There is a class of musicians who are born and walk the earth as though they have never been babies at all. Their artistry is touched by a unique maturity of spirit. I want to hazard that British singer-songwriter Jacob Collier is among them.
The 25-year-old multi Grammy award winner is the headline act on the Jazz Festival virtual National Arts Festival bill. The concert he performs is a warm vintage Collier recital. All that we’ve come to love about him is in there. His idiosyncratic use of reharmonisation and his capacity to improvise a fusion of everything from jazz , folk, classical, and soul.
The performance is unassuming and intimate, reminiscent of a chat by the fireplace. Instead of a recorded performance of his band playing together on a stage, Collier is seated at the piano in his home studio. He’s in the northern summer, we are cuddling against the cold. Youthful, Collier wears no suits, ties or shiny shoes. Only shabby shorts and playtime Ts. There are no stylized stage lights or the customary concert hall decorum. Just the singer, his piano and us.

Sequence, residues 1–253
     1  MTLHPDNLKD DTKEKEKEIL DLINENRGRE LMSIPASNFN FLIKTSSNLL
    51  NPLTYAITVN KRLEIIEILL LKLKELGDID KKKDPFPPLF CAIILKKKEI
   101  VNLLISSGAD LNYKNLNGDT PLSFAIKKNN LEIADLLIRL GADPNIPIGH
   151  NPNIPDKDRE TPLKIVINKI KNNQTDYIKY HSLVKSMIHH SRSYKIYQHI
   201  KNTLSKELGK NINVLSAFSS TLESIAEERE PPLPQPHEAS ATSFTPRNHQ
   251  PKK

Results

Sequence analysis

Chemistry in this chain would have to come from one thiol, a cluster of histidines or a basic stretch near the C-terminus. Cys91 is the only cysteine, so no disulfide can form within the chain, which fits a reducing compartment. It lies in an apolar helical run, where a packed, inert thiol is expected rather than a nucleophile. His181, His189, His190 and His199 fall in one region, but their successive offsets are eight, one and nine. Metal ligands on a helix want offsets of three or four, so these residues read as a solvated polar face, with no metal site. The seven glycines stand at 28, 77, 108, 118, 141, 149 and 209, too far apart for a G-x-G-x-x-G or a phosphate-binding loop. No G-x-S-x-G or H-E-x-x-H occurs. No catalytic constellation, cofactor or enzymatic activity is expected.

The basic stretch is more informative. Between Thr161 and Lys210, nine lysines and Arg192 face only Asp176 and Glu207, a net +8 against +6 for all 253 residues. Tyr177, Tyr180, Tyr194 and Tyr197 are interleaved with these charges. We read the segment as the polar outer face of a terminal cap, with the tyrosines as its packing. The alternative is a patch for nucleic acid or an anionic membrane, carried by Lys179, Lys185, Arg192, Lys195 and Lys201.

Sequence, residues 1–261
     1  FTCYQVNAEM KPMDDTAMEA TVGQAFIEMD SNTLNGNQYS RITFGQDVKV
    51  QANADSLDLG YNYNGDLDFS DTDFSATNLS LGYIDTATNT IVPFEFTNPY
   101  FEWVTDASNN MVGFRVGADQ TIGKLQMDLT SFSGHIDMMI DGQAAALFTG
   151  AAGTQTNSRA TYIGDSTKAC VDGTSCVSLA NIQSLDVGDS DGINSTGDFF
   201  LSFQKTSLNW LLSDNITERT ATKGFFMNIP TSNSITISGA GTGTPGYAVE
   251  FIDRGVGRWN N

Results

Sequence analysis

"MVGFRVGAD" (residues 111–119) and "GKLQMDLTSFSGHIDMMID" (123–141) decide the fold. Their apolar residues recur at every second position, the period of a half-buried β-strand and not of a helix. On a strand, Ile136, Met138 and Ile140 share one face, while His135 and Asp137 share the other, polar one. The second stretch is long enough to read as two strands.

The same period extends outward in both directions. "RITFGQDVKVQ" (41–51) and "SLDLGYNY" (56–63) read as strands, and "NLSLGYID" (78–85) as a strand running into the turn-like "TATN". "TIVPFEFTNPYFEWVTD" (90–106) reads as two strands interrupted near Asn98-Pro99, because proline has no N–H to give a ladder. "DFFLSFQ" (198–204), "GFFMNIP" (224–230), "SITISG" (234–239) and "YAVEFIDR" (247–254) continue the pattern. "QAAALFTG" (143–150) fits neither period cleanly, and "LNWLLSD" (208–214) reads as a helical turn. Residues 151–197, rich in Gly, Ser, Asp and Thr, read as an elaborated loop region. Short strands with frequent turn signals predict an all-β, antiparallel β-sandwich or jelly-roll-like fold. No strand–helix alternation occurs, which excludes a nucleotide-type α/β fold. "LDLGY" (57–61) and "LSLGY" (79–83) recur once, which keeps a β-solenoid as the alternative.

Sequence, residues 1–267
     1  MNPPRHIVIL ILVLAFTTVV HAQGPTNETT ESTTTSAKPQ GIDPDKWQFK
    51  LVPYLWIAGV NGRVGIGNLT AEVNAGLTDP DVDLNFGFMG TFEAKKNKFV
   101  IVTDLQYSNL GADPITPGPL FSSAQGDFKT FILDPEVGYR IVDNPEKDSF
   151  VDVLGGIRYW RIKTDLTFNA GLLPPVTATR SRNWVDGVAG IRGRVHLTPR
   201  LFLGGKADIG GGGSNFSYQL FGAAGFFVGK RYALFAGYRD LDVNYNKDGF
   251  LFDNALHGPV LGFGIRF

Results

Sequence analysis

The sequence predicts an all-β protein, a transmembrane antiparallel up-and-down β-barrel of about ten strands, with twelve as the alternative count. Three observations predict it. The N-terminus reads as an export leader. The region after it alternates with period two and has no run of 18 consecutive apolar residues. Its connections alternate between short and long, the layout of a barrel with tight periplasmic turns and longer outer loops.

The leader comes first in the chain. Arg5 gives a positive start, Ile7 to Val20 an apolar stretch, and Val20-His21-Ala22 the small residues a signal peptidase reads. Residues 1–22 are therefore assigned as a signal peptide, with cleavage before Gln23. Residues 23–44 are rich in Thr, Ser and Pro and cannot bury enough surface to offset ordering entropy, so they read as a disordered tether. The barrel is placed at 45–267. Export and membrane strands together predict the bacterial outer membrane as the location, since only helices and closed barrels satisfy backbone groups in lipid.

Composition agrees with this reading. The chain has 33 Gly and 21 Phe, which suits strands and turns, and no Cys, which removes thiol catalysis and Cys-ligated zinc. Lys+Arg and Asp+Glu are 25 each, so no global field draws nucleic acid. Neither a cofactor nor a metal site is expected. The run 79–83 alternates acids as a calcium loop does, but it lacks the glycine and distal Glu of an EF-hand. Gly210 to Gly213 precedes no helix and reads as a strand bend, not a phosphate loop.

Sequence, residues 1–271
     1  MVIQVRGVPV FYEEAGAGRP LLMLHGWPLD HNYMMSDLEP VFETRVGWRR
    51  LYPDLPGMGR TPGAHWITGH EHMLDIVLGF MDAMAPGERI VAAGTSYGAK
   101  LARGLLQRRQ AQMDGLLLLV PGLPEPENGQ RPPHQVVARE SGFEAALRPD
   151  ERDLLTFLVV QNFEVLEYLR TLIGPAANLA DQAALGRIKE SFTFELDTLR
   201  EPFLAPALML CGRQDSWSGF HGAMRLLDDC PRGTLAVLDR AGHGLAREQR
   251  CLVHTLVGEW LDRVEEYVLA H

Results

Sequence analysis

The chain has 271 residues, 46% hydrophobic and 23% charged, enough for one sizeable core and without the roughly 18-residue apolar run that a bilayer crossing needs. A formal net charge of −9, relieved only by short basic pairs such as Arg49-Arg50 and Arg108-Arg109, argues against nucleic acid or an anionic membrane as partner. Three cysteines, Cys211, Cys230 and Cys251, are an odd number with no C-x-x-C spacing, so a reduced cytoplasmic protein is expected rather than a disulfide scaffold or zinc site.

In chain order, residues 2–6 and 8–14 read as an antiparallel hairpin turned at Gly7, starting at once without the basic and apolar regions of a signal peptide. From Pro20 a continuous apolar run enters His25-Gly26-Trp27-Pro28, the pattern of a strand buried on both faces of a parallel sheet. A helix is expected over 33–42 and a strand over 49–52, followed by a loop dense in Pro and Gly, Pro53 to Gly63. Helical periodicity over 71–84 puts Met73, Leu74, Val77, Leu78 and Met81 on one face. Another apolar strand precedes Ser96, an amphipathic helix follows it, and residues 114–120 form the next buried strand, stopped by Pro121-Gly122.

Collier opens his performance with a solo piano treat before floating into a Coldplay tune, Fix You. It’s an elegant rendition of a familiar melodic nectar. He then draws us closer to witness him play with the possibilities of his handling of the piano. He is deceptively conservative. The liberties he takes with his vocal modulation are almost never taken with the keys. He surveys and explores the musical firmament by feeling his way through it. Though exhilarating, it is a safe and welcome trip.
In a searching way, he becomes self indulgent too with his improvisations. We forgive it, because it pleases us to witness wonders of creative thought take form before us. At times it seems he is sensing he may have gone too far into the deep water for casual listeners, so he offers up another familiar thrill: Don’t Know Why, a Jesse Harris composition made famous by Norah Jones.
Collier takes ownership of the song while retaining all that we love about it. He goes as low as his tenor can afford before rising into a charming boyish falsetto. A trope he repeats a few times over with success.
Another of the notable pieces is a melody called A New Year’s Carol which was written by Benjamin Britten in 1934.
In the end he manages to locate himself in multiple traditions: His 20th-century British music heritage, a touch of dixie blues, and streams from antique Anglican boy chorister. In a word, Collier has given us a tastefully ornate performance. Elegant!